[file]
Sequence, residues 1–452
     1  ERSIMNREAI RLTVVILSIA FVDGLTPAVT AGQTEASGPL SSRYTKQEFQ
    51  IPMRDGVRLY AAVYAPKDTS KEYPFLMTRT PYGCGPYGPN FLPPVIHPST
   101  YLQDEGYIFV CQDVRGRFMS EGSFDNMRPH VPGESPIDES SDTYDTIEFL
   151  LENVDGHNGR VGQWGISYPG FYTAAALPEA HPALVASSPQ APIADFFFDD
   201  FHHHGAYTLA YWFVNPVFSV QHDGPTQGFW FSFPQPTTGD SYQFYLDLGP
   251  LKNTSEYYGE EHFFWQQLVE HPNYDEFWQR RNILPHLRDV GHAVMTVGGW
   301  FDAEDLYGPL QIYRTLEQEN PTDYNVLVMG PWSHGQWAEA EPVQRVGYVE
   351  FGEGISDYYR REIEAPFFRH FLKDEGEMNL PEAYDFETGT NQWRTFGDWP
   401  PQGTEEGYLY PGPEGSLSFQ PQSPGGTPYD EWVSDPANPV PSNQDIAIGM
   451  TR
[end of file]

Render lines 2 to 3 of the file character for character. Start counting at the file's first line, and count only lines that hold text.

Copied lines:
     1  ERSIMNREAI RLTVVILSIA FVDGLTPAVT AGQTEASGPL SSRYTKQEFQ
    51  IPMRDGVRLY AAVYAPKDTS KEYPFLMTRT PYGCGPYGPN FLPPVIHPST